You’ll forget it’s winter outside when you snuggle into this cozy bistro in Lower Town. The menu features quality comfort food.

My fish and chips entree was light as air so I could taste the cod and potatoes, not the oil.

Even if you’re full, order a dessert to share. Try the cherry and Irish whisky crumble with – wait for it – bacon ice cream. Totally worth the calories.

Yogurt, berries and granola on bannock bread at La Traite in Wendake
Bountiful berries for breakfast – pleasing to the eyes and the mouth. Photo credit: Cathy Bennett Kopf

La Traite

Go to Wendake for the First Nations experiences described above but stay for at least one meal at La Traite, the restaurant at the Hotel-Musee Premieres Nations in Wendake.

Guests are welcomed to the restaurant like cherished friends, surprising since you might expect pretentiousness given Chef Marc de Passorio’s Michelin stars. Chat with him about his sourcing expeditions and his fantastic kitchen staff – more than 80 percent are hired from the Huron-Wendat Nation.

The three daily menus – The Awakening of the Wendat, From Our Mother Earth and The Wolf Hunger – showcase fresh from the forest flavor. Multi-course menus are available at dinner, some with wine pairings.

Go with a group and you can sample most of the entrees, including lobster cooked with wild blueberry gin, smoked venison and mushroom risotto.

Desserts are called Bear Treats. I received what looked like an apple, but it was a chocolate shell holding a rich cherry and cream-filled center.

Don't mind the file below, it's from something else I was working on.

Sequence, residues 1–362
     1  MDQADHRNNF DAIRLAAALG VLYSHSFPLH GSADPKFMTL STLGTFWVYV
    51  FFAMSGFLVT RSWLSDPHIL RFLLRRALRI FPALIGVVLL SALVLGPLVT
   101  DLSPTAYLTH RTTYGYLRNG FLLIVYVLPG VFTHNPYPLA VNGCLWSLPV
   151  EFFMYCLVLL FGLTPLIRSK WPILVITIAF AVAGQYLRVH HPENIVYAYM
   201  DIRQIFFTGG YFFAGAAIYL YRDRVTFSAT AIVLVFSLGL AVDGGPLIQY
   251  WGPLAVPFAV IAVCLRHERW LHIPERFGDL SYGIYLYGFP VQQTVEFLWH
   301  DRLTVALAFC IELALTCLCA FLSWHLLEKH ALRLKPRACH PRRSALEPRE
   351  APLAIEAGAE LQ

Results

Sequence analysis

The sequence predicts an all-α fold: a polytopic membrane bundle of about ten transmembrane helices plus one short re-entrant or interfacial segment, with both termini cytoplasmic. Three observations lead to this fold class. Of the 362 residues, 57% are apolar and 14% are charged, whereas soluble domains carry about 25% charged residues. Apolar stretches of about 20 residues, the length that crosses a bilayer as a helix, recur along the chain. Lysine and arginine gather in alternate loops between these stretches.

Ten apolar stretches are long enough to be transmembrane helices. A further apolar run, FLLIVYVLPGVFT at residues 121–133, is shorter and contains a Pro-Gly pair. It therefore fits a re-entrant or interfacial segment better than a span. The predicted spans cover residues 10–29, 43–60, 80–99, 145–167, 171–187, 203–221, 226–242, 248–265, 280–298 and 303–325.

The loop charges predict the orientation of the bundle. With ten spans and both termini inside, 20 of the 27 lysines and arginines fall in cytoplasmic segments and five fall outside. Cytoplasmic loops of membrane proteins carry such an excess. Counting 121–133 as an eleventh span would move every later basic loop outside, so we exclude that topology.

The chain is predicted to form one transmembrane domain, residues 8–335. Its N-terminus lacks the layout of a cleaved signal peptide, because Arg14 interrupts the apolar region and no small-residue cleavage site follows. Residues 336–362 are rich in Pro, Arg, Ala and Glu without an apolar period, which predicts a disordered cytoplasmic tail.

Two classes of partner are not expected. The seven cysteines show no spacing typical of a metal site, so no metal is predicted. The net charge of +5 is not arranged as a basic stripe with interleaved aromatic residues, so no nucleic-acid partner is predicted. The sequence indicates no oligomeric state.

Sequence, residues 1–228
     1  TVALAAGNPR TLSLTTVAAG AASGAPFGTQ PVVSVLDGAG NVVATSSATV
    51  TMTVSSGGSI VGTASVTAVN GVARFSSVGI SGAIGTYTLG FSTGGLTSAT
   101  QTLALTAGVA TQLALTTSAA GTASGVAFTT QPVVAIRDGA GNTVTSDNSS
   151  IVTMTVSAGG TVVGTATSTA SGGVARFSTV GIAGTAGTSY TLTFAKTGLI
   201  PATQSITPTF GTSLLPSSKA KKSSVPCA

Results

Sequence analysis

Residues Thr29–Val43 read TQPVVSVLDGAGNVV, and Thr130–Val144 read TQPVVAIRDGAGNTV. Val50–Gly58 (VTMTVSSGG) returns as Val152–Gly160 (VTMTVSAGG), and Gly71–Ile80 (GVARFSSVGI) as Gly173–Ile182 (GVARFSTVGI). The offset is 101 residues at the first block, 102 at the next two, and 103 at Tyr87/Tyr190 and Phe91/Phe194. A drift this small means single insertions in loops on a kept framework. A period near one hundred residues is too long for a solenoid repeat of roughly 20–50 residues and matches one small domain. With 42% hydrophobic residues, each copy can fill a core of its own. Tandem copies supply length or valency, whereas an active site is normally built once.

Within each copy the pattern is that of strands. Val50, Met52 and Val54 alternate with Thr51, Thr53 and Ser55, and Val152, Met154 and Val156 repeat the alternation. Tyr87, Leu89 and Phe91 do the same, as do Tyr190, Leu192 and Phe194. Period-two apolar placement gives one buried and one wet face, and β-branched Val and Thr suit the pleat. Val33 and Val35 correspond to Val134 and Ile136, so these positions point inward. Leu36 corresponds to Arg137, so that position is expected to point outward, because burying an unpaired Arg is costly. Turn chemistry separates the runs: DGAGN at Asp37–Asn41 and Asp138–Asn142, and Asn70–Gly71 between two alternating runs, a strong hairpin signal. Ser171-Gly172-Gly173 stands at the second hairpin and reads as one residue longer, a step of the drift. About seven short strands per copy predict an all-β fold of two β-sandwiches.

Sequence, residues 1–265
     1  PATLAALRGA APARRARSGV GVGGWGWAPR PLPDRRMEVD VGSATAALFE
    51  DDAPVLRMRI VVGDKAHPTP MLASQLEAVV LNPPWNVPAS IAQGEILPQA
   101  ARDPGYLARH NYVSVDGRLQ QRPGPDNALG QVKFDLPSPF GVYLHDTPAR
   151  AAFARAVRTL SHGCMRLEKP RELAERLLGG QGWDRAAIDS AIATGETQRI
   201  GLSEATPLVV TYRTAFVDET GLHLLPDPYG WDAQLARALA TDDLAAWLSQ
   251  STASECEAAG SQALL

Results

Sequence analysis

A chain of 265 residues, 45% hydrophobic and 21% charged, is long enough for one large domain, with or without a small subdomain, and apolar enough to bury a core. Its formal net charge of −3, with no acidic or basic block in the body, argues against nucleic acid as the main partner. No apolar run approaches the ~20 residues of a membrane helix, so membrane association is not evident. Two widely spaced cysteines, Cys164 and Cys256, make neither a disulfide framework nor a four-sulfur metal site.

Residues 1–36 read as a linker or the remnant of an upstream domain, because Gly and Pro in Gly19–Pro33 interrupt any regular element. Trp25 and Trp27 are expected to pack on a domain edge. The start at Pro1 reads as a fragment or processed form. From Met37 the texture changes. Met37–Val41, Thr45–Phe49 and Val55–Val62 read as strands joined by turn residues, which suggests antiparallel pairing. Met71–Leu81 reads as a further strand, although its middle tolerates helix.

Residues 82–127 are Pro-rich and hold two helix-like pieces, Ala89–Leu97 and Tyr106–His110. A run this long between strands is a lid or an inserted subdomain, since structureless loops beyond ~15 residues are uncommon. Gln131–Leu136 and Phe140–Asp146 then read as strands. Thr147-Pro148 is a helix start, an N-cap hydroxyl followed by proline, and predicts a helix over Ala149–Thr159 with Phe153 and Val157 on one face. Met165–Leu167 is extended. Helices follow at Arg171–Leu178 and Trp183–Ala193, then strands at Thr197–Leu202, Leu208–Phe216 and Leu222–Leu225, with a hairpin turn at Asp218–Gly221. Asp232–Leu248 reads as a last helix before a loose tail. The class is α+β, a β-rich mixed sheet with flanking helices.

During warm weather, the restaurant has a magnificent outdoor terrace overlooking the Akiawenrakh’ River.

oversized lobby art in the Delta Hotels Quebec City featuring fox in Breton striped sweater
Even the lobby art is hip at the Hotel PUR, a Marriott Tribute property in Quebec City. Photo credit: Cathy Bennett Kopf

Where to Stay in Quebec City

We mentioned the Fairmont Le Château Frontenac earlier. It’s the ultimate luxury option when visiting Quebec City.

Marriott Bonvoy members have the following options:

  • Quebec City Marriott Downtown – This property’s located in the heart of the action in Upper Town (Haute-Ville).
  • The Marriott Delta Hotel is near the Place d’Youville skating rink.
  • Hotel PUR – If you’re looking to stay outside of the tourist center, the Hotel PUR, a Marriott Tribute Portfolio property, located in the hip neighborhood of St.-Roch, is about a 15-minute walk away from Lower Town.